The technology is probably not cheap enough yet to put it into every gym, but that's just one random thing. That same principle applies to manufacturing, warehousing, back of house in general, where you want to be tracking what's happening so that you can have better tabulations of your inventory, or really just enable folks to be more more effective, because you can give them better instructions that [are] going to optimize them through the space. So there's just a ton of disparate applications, but all in the physical world. How do we enable people by being the eyes and the intelligence that's understanding the space?

That vision sounds both like amazing, cool science fiction and terrifying, creepy, dystopian stuff, right? This is what we're reckoning with in so many places right now, the balance of cool, exciting, efficient and creepy. And I would assume this is something you have to start thinking about from day one as you try to build this stuff. So what does it look like to get that right?

So our perspective here has been that we need to build this in an intentional way. And it's not, "Hey, we're going to build this in a safe way and make sure that we're keeping your data secure." Of course, you have to do all those things. But everyone gets hacked, systems are going to break, it's going to happen at some point, right? So the better solution is we just won't do facial recognition. So no matter what happens, even if the system gets penetrated, that data is not there.

Of course, there will be some sensitive PII [personally identifiable information]. Maybe you do lose your credit card, for example, and you have to change that. But you're not going to get your facial biometrics hacked. So the maximum damage is capped to what you currently expect today, which is some PII that you can switch out and get back to normal.

There's certain types of biometrics that I think can be useful that aren't as extreme as facial biometrics. But for me, the bright red line, or the semi-bright red line is, can you use that biometric to re-identify the same person across different locations? Like if you walk into a 7-Eleven, and you sign up for our system, and then you go to your gym, can that gym recognize that you're the same person just based off of the biometrics? For me, the answer needs to be no.

You get a little bit into a gray area, because there is also advertising in physical retail. So now you suddenly have this interesting question, which is, can Standard get better insights into how shoppers are behaving inside of physical stores? And the answer is yes. Because I don't just know what you're buying, which is what stores today know, we have the ability to see things that are a little bit closer to what ecommerce could do. They know what you're hovering over, they know how long you're on a given page, they know that you put something into your cart but didn't actually end up buying it, and they send you that annoying email the next day.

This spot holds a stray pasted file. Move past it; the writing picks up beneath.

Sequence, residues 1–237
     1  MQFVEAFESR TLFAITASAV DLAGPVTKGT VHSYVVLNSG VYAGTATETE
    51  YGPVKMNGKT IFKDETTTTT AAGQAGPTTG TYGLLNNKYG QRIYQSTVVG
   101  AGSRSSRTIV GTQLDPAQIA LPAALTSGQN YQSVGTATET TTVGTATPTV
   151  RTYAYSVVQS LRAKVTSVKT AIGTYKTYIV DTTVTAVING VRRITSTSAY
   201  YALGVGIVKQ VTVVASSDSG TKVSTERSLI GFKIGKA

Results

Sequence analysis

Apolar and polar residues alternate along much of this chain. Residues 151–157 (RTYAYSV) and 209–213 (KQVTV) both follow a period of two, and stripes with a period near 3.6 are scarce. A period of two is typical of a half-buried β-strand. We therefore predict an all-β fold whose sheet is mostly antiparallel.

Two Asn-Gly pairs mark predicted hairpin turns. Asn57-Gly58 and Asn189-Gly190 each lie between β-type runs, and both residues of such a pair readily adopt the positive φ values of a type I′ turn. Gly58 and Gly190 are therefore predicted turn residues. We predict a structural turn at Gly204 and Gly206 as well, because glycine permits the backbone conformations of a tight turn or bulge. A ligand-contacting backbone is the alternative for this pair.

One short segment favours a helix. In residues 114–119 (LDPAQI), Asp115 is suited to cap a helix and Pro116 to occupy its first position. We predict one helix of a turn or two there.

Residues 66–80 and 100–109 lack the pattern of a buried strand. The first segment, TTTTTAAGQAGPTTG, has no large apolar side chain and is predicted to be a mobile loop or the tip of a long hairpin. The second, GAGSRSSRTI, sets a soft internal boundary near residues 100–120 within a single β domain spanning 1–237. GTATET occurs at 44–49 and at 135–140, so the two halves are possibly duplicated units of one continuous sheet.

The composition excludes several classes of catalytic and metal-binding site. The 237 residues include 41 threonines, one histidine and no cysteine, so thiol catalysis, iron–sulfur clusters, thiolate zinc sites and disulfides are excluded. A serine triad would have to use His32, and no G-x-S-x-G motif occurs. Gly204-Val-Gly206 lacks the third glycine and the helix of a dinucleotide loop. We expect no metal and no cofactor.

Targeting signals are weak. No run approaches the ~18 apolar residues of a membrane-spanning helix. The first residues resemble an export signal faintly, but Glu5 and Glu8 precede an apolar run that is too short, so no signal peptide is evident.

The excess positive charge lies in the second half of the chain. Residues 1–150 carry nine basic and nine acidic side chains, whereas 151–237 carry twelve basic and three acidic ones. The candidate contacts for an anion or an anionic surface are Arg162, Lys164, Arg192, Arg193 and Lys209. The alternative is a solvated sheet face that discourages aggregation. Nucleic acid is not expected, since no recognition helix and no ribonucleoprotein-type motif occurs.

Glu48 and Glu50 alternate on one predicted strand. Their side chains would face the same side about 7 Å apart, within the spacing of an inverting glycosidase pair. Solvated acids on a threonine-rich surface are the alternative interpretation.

Some of that actually is really useful. You can do preemptive warehousing when it's like, "I'm pretty sure that Susan's going to be buying this, so I'm going to go ahead and move it from East Coast to West Coast." But nonetheless, they're tracking everything, and it's all attached to your identity. And we can bring similar insights to bear inside of a store: What you're picking up and putting back down, we'll see that. And we'll know how long you're spending in front of the shelf.

Then it kind of opens up this question of, well, are we going to productize that? And again, I think there's a line here. It's got to be opt-in, we can't just be creating all this rich semantic data and then without your consent, hoovering it over. But we can use all the anonymous data in our system. All of our computer vision systems are fully anonymous. The only time we know who you are is when you're transacting, basically, and then we'll connect to a credit card system and put all the pieces together. But actually, all these really interesting insights from the platform are fully anonymous. And then you can use that in a sort of responsible way: You can say, we're not talking to you about Susan, but I'm talking to you about the last 100 customers that came into your store. They in general have been interacting with aisle six in this way, and they tend to be drawn to this part of the shelf. And maybe you want to optimize things in a slightly different way.